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Kennedy inducted into two halls of fame this fall

The Manitoba Sports Hall of Fame honour also recognizes his success as an athlete
Sheldon Kennedy speaks at the Manitoba Sports Hall of Fame ceremony on Nov. 4.
While Sheldon Kennedy was recently honoured by two prestigious sports halls of fame in this country, the Elkhorn product said the recognition is not about him.
The former National Hockey League player was inducted last week into the Manitoba Sports Hall of Fame as a builder and athlete at a Nov. 4 ceremony. On Oct. 3, Kennedy received the Order of Sport award and was inducted into the Canada Sports Hall of Fame as a builder. The honours recognize the sexual assault survivor’s more than 20 years of advocacy and fighting for the prevention of abuse, bullying and harassment in sports. In both cases, the honours were announced in 2020, but the ceremonies were postponed until this year due to the COVID-19 pandemic.
“Whenever I receive an honour like this, I don’t really look at it as just ‘Sheldon,’” Kennedy said in an interview on the night of the Manitoba Sports Hall of Fame ceremony. “I look at it as a really good representation of the issues I represent. For ‘Sheldon’ to be recognized, that means the issues that I represent have been recognized. For a long time and for many, many years, these issues would never been acknowledged at this level. To me, that means we’ve come a long way.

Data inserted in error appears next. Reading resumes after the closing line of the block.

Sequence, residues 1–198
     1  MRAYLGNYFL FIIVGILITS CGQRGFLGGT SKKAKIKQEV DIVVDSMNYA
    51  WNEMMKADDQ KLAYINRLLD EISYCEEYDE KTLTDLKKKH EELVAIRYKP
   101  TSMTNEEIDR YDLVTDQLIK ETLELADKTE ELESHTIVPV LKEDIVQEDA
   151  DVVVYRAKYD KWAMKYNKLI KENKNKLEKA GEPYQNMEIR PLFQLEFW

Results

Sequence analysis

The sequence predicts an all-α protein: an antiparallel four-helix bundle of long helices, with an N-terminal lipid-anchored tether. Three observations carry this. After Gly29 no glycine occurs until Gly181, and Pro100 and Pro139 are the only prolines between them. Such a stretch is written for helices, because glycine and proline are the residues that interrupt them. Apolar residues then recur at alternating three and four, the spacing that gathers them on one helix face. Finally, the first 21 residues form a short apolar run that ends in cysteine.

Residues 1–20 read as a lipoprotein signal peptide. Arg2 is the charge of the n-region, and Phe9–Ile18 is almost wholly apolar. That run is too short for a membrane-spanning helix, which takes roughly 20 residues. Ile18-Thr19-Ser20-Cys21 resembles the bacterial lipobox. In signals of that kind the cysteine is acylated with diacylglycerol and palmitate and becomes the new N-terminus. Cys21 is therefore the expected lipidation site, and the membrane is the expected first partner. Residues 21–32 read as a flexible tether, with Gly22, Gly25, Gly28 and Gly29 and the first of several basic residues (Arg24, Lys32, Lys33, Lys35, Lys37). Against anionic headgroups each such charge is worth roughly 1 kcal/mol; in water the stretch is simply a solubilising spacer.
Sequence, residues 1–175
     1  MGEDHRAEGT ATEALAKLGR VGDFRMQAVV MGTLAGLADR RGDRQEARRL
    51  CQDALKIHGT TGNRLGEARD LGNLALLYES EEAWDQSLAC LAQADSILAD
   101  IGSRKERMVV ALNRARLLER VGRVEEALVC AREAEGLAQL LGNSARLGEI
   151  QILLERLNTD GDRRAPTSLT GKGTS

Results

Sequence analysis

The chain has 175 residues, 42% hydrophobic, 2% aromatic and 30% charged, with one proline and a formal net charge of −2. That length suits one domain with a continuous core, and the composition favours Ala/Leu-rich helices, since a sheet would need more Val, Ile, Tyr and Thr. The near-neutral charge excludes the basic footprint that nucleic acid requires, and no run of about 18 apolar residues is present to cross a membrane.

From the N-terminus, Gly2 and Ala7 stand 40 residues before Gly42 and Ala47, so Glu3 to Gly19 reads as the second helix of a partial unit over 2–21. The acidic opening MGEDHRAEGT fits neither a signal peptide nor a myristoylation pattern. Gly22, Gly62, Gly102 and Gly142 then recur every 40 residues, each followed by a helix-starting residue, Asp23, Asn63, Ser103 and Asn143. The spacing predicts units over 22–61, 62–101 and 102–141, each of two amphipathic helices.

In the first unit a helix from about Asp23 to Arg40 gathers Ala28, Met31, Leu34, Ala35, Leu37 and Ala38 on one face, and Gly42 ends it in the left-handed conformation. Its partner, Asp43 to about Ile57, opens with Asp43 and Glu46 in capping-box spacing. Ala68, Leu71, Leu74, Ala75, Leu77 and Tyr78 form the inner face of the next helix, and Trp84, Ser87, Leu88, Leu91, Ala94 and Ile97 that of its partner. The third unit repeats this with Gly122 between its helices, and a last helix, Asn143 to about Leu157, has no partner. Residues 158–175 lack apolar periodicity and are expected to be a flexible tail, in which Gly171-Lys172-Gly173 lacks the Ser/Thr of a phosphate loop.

“There have been many, many, many people who have been pulling on the rope and that have helped. My family, the Jeff Hnatiuks of the world - who was the CEO of Sport Manitoba for years, friends who helped ‘Sheldon’ in their own way, these are the people I am accepting this award for.”
Kennedy said being inducted into the Manitoba Sports Hall of Fame was a “huge honour” for many reasons. He said it has a lot of meaning to be honoured in his home province and noted that his whole family lives in Manitoba and he visits often.
“Not just that, but Sport Manitoba was the first province to implement a province wide mandatory training for all coaches in all sports around abuse, bullying, harassment, discrimination – Respect in Sport training – and that was 17 years ago.
“That was a very bold move on their part and really led the way for other organizations across the country to follow.”
Kennedy co-founded the Respect Group. Partnering with various leading organizations in such fields as curriculum and e-learning platforms, the Respect Group developed the Respect in Sport program and others.
The Manitoba Sports Hall of Fame honour also recognizes his success as an athlete as well as an advocate. In 1989, he captained the Swift Current Broncos to a national major junior Memorial Cup championship. Kennedy helped Team Canada win a World Junior gold medal in 1988. That same year he was tabbed 80th overall in National Hockey League Draft by the Detroit Red Wings. His nine-year pro career included winning a 1992 Calder Cup championship with the Adirondack Red Wings, playing more than 300 NHL games, and suiting up for his home province’s Manitoba Moose.
Kennedy, who was named a member of the Order of Canada in 2014, was one of 11 inductees this year for the Canada Sports Hall of Fame. Those recognized included golfer Lorie Kane, former two-time NBA MVP Steve Nash, and Willie O'Ree, the first black player in the NHL, to just name a few.
“I accept that honour on behalf of all those who pulled the rope to make a societal shift that we’ve seen on these issues – abuse, bullying, harassment – over the 24 years that we’ve been doing this work,” Kennedy said.